Archive for October 1st, 2021

Three Mile an Hour God


Written by Rich Villodas, a contemporary American pastor and author. This is an excerpt from his book “The Deeply Formed Life: Five Transformative Values to Root Us in the Way of Jesus.”

Our lives can easily take us to the brink of burnout. The pace we live at is often destructive. The lack of margin is debilitating. We are worn out. In all of this, the problem before us is not just the frenetic pace we live at but what gets pushed out from our lives as a result; that is, life with God…What would it look like to live at a different pace? What if there were a rhythm of life that could instead enable us to deeply connect with God, a lifestyle not dominated by hurry and exhaustion but by margin and joy? As long as we remain enslaved to a culture of speed, superficiality, and distraction, we will not be the people God longs for us to be. We desperately need a spirituality that roots us in a different way…The pace of our lives can be brutal.  The late theologian Kosuke Koyama wrote a book titled Three-Mile-an-Hour God.  Dr. Koyama was trying to convey that if we want to connect with God, we’d be wise to travel at God’s speed. God has all the time in the world, and as a result, he is not in a rush. Thus, Koyama’s claim that God travels at three miles an hour is not an arbitrary figure. On average, humans walk at this pace. And it’s in just such ambling, unhurried, and leisurely moments that we often encounter God. N.T. Wright similarly affirmed, “It is only when we slow down our lives that we can catch up with God.” … Speed has helped remake our world in ways that are wonderful and liberating. But speed has also caused our connections with God and others to be incredibly superficial. There’s a severe lack of depth in our lives and communities because we have allowed ourselves to be swept up by a world under the influence of addictive speed. And, as philosopher Dallas Willard famously said, “Hurry is the enemy of spiritual life in our day.”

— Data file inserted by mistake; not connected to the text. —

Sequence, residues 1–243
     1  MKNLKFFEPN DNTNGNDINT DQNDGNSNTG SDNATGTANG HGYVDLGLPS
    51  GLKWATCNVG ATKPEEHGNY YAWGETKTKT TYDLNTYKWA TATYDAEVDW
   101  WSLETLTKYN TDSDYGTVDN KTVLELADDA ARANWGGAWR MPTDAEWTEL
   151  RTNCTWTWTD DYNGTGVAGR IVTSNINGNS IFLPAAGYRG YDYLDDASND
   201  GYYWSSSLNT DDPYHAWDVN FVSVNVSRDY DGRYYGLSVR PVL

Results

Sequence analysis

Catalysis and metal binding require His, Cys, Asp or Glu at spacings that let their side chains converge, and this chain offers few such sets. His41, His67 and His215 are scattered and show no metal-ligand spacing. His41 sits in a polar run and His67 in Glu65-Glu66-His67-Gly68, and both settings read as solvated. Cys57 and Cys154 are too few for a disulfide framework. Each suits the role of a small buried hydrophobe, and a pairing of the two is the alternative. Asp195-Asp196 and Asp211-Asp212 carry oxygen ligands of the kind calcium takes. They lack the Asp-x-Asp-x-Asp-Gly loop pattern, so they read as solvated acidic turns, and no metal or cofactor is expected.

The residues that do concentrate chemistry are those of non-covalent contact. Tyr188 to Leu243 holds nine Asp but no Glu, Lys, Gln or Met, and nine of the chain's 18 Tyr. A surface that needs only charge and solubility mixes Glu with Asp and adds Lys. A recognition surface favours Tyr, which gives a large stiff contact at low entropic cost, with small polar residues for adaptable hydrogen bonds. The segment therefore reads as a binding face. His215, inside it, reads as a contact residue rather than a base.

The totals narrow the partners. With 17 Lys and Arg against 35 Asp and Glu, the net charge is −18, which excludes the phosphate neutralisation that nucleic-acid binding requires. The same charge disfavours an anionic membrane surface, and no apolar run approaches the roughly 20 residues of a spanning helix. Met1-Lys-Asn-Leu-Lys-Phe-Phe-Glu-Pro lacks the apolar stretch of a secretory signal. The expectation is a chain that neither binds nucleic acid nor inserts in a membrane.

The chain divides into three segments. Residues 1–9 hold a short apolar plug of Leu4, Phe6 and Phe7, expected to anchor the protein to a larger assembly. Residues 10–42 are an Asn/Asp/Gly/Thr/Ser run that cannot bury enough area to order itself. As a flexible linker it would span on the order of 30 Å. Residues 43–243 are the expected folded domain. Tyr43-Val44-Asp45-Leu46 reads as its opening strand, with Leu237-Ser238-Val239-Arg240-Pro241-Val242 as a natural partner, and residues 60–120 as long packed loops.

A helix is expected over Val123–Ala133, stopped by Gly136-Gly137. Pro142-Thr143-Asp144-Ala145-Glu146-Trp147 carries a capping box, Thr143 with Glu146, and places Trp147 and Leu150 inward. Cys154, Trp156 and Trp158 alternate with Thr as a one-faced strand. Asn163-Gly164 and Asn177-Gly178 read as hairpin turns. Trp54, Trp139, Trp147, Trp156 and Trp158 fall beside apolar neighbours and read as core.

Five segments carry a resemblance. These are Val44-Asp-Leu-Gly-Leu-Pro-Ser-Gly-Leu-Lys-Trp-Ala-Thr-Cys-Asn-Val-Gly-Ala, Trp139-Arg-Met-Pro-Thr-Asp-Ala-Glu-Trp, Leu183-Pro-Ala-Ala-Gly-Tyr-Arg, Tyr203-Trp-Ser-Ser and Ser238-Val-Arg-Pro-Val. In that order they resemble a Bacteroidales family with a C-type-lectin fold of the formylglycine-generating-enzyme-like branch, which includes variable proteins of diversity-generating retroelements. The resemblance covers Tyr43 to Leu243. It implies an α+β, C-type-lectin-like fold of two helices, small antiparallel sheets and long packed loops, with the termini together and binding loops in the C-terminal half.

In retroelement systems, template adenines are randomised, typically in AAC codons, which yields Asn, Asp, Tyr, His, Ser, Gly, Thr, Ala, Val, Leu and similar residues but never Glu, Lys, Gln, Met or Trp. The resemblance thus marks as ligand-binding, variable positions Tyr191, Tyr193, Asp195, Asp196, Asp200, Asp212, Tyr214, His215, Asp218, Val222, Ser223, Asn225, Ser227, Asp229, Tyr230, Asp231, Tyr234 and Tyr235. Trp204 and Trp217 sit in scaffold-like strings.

Written by Rachel Wojo, a contemporary author and speaker.

Dear Father,

Thank you for this exact point in time.

Sometimes I struggle

To enjoy the gift of the present.

I push forward before your timing is perfect

And then feel the pain of rushing.

My spirit longs to savor the moment

While my mind scrambles to snatch the next minute.

Will you slow my heart to beat your rhythm?

Will you sync my step to mirror your tempo?

May my spirit fail to chase after the next beautiful experience

Until I’ve unwrapped the gift of right now-the present.


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